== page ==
The January 1, 2001 issue of the Journal of Clinical Oncology revealed that in 1999 the average annual income of oncologists in private practice was $253,000. By comparison, oncologists in academic medicine earned “only” $142,000. Where does the bulk of a private oncologist’s income come from? The Journal of the National Cancer Institute (JNCI) commented that “private-practice oncologists typically derive two-thirds of their income from selling chemotherapy” (JNCI 2001;93:491).
An editorial from Dr. Larry Weisenthal, one of the very first medical oncologists to call attention to this issue at a Medicare Reimbursement Executive Committee meeting held in Baltimore, Maryland on December 8, 1999 states, “the new law was simply concerned about the indisputable fact that the ‘structure’ of the old reimbursement system was indefensible. It rewarded oncologists for administering chemotherapy. It did not reward oncologists for spending a half hour explaining to the patient why she/he is more likely to be harmed by chemotherapy than to be helped by it.”
The new system still has major flaws, in that it continues to provide incentives to administer chemotherapy, in the same way that surgeons have a financial incentive to recommend surgery. Additionally, it is a certainty that there will be large differences between the profit margins of administering different drugs, providing continuing incentives to base drug selection on profit margin. However, the new system is clearly an improvement from the standpoint of cancer patients, taxpayers, and advocates of basing drug selection on individual tumor biology, rather than on a least common denominator approach which invites conflict-of-interest medical decision-making.”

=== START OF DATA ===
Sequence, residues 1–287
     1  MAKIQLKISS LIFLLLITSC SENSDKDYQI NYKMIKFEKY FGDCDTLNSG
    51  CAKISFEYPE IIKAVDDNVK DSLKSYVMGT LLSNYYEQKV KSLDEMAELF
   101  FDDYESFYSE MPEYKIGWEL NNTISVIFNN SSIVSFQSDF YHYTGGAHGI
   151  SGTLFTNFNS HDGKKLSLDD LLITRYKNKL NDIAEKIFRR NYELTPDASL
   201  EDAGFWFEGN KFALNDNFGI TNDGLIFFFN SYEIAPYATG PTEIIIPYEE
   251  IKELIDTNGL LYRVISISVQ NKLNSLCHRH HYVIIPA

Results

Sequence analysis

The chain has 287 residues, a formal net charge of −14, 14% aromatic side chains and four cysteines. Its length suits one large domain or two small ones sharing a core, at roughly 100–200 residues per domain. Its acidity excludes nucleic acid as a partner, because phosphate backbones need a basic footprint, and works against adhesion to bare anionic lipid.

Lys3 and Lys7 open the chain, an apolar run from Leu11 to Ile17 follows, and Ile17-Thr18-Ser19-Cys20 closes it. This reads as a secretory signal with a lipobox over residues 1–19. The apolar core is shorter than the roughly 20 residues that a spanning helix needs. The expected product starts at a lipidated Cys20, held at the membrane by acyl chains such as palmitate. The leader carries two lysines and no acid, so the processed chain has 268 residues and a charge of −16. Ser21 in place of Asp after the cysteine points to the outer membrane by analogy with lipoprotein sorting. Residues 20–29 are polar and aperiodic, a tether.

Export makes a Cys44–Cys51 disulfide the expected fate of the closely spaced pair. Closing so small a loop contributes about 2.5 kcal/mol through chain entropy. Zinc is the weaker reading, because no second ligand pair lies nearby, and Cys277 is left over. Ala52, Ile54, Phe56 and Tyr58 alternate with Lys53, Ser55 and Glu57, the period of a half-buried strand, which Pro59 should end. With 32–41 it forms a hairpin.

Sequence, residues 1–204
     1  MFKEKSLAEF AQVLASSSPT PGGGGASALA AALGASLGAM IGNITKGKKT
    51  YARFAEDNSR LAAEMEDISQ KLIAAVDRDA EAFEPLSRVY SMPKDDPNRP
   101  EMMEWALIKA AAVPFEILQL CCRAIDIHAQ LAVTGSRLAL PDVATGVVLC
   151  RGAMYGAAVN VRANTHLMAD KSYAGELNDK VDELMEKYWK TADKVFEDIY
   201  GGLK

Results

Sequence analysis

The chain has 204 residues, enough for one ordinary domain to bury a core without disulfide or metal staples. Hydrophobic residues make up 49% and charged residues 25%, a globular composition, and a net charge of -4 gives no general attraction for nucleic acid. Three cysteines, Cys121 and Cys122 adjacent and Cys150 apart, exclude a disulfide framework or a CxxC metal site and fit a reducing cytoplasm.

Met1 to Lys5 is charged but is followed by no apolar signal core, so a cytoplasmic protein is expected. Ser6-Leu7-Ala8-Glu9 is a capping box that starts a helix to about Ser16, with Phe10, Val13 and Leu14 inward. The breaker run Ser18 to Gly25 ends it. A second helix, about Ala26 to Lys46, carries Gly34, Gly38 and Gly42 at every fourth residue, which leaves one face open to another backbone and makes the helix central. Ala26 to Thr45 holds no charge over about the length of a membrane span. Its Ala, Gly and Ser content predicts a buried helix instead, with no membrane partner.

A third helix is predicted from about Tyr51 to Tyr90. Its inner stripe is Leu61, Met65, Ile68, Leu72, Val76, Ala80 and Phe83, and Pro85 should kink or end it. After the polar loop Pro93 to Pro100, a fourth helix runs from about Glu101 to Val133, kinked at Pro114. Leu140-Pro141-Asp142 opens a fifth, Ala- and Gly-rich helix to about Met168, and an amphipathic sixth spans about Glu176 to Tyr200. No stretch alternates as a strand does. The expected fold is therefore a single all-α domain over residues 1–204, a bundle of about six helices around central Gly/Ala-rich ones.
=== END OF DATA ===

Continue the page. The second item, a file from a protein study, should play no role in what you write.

Office-based oncology practices derive most of their revenues from treating patients with chemotherapy. The practices are compensated both for delivering the drugs and for the drugs themselves. The Journal of the National Cancer Institute (JNCI) states that private-practice oncologists typically derive two-thirds of their income from selling chemotherapy.